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Savings Groups
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The Key to Sustainability

A weekly savings group meeting in Mali by Trickle Up participants.

While not a magic bullet, a sturdy metal savings box with three keys can have a surprisingly profound impact. For Trickle Up, integrating all program participants into Savings and Credit Groups has been a highly effective way to address several key needs of the very poor:

  • Provides a safe place to save. 
  • Develops strong saving habits.
  • Provides access to credit for emergencies and productive investments.
  • Provides a social network.
  • Builds the social capital of its participants.

In recent years there has been an increasing recognition that, like any other population, the very poor need financial services. These needs are not being met by most microfinance institutions. The poor need access to very small amounts of credit to help smooth incomes, meet predictable expenses, and cope with shocks and emergencies, although this is rarely available at reasonable rates. For example, quick access to a small amount of credit or accumulated savings to pay for a health emergency can enable a farmer to defer selling or pre-selling their harvest, instead of having to sell at a time when prices are higher. With more stability in their cash flow, people can make better choices about their health, education and nutrition, while also investing in income generating activities.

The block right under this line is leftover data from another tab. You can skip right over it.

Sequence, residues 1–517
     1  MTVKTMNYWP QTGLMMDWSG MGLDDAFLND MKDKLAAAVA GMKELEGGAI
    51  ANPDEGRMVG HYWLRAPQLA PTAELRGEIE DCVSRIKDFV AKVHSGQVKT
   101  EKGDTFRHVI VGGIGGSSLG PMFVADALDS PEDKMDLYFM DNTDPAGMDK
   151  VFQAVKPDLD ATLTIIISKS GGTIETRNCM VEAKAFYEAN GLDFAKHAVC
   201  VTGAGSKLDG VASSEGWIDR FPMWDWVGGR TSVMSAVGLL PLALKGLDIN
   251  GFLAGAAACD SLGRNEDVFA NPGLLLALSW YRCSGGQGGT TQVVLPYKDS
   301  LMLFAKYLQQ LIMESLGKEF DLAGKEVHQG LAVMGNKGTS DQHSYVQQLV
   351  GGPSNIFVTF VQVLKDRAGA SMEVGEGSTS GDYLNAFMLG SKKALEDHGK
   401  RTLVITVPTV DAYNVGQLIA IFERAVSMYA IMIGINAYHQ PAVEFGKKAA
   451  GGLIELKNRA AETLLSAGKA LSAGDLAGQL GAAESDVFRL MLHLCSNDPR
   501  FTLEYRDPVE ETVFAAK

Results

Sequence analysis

How do Savings Groups work? They are voluntary, community-based and self-managed groups of 15 to 25 individuals who meet regularly to contribute to their own savings. Savings are maintained as a loan fund from which members can borrow in small amounts. The group decides the terms by which members may borrow, and often set a maximum ratio of loan size to a member’s savings. Almost all savings groups charge a service charge (interest rate), determined by the members. Groups elect officers democratically, and rotate every few years. Records are kept in individual pass books or by a paid accountant, and participants earn between 10 and 40% a year on their savings. In some regions the savings groups open a bank account, although in others the cost and distance make this undesirable.

Savings Groups provide important financial services, but also have a powerful social impact. Participants take great pleasure in being part of a group, and receive the social and financial support they need to move forward in their lives. Seeing their own success and that of their peers, they are inspired to earn more, save more, and fulfill their dreams of providing food for their families, sending their children to school, repairing their homes, and taking control of their lives and their futures. It is a long-term, sustainable solution which plays a central role in the efforts of the very poor to improve and stabilize their livelihoods.

 An Indian woman in her savings group smiles as she signs the savings log.

Trickle Up Savings Groups Quick Facts:
(based on 2012 data)

  • 99% of participants reported having savings at the end of the program, an increase from 21% at the start of the program. 
  • In Central America, the number of participants who have savings that would cover their household expenses for more than a week more than doubled, from 32% to 79%.
  • In West Africa, 65% of participants report taking out loans to invest in productive activities, versus 25% at the start of the program. 
  • In India, there was an 84% decrease in the number of participants who were in debt to high interest charging moneylenders, from 51% to 8%.

To learn more about Trickle Up's impact, click here.


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